I recently returned from a trip to Castle Crags State Park and the Trinity-Shasta National Forest. While there,I did both night and daylight photography. When photographing during the day I usually expose 3 – 5 images for a scene to later merge using Photomatix for an HDR image. I been reading a number of blog lately where the HDR technique is panned because of the over saturated, contrasty look. While I agree with this take, I don’t see the need to throw the baby out with the bath water. If you like that style of HDR, go for it. It’s your image. I don’t like that style but I use HDR for a couple of reasons.
First, ever since the advent of photography the supreme challenged face by the photographer is contrast. Since film and digital sensors can’t see the world the way we do, a multitude of techniques have been devised to hold detail through a wide contrast range. With film these techniques include different types of film emulsions, minus and plus development, water bath development, graded and variable contrast papers, colored and spilt neutral density filters. Digital photography still has the issue of contrast. It hasn’t changed. We can still use spilt neutral density filters but they have issues in cases where the horizon line isn’t flat. In this image of Sunset, Castle lake and Mt Shasta, a spilt neutral density filter would cause more problems that it solved.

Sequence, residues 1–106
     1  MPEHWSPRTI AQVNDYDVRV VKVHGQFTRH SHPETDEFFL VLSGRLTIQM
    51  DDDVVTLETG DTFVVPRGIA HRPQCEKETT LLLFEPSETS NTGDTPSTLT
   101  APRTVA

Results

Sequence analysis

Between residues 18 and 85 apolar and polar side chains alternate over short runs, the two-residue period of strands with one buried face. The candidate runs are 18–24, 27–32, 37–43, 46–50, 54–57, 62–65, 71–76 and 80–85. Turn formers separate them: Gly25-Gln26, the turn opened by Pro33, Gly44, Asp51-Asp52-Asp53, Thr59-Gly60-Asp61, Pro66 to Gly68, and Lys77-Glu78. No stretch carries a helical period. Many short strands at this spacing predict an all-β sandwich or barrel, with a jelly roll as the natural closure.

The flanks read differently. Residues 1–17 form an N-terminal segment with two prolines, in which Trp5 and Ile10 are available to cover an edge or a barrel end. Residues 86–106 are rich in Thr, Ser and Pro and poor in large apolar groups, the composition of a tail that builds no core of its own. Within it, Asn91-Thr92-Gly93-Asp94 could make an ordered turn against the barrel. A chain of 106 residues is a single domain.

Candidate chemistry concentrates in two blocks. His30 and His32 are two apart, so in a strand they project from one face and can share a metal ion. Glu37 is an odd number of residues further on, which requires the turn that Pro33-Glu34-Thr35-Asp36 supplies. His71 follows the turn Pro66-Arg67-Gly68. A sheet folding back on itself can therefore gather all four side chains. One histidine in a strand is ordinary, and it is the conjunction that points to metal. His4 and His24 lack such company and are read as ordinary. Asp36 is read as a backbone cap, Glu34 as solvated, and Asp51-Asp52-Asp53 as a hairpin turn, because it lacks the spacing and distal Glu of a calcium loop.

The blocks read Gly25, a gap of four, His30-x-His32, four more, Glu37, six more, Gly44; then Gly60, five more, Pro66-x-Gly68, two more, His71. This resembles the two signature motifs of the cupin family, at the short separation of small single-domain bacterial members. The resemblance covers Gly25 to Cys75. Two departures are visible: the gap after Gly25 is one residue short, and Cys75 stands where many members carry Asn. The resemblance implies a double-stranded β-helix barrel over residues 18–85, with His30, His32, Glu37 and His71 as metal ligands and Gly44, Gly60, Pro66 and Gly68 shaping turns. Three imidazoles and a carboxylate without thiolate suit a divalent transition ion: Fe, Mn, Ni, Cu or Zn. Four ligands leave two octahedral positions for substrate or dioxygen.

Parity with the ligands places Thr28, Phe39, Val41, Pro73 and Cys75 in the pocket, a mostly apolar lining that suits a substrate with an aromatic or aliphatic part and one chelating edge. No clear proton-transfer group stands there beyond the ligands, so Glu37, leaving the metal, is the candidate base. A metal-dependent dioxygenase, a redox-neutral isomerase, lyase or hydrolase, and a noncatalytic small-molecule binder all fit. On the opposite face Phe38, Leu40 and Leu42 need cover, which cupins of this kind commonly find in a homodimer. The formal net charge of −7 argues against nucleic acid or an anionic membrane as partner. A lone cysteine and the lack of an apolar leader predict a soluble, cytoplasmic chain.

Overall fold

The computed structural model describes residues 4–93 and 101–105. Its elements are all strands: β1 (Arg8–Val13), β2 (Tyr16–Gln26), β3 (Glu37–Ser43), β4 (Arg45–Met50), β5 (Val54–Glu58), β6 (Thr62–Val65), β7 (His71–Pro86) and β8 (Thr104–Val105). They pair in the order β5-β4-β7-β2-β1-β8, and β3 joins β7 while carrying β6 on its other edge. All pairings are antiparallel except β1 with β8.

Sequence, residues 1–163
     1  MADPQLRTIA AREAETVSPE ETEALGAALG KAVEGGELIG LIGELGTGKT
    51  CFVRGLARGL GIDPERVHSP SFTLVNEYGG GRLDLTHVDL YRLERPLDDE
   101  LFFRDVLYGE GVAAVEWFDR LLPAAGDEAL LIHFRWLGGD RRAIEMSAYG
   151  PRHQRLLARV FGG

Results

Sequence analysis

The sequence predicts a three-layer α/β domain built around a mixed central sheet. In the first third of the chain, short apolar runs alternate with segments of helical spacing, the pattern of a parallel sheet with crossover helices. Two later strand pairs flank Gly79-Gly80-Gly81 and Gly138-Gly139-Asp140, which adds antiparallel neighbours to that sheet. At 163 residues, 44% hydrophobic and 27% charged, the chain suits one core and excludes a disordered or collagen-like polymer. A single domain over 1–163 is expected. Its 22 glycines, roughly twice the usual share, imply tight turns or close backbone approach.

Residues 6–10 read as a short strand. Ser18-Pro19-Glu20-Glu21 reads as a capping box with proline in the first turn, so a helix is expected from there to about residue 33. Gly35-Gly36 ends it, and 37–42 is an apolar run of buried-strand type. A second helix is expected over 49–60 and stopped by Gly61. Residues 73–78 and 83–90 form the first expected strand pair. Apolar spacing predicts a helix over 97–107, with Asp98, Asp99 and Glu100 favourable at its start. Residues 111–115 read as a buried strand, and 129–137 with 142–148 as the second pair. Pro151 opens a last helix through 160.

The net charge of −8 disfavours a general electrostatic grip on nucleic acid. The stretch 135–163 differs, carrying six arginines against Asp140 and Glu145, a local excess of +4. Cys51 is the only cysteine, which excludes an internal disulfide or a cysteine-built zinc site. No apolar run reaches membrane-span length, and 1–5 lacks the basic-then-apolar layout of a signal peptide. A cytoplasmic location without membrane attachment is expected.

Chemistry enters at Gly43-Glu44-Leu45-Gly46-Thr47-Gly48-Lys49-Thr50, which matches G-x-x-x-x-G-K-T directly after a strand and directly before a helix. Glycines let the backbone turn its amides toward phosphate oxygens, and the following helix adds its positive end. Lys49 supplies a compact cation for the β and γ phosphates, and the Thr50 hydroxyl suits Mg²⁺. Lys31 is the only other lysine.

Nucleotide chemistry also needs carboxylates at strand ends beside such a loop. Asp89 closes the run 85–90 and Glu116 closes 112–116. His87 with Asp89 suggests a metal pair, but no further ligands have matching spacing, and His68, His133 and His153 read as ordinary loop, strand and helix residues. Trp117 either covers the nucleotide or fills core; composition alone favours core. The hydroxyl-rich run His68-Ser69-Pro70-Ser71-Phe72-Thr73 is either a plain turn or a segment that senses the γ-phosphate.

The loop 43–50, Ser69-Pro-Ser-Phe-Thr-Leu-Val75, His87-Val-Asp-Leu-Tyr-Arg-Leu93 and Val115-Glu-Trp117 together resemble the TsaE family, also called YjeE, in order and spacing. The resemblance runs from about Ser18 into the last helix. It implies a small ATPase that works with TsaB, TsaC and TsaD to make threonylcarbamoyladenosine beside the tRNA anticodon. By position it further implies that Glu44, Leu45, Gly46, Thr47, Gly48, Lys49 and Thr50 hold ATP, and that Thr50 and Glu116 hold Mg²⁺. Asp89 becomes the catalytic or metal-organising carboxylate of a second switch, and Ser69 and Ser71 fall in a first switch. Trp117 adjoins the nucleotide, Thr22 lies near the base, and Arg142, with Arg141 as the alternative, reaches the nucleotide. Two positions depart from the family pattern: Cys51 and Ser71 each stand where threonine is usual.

HDR to the rescue. By making several exposure and blending then together in post production I can created an image that hold detail in both the highlight and shadow areas. Below is the HDR image.
The second image expresses more about how I felt about the scene than the first image.
A second reason I am a proponent of HDR is a term I heard in a podcast with Canadian photographer Royce Howland. He advocates using HDR for “High Fidelity” images. I think his take is spot on. You can hear the podcast here.
What do you think about using HDR? You can leave a comment here or email me at firstname.lastname@example.org. You can see more of my work at johndottaphotography.com.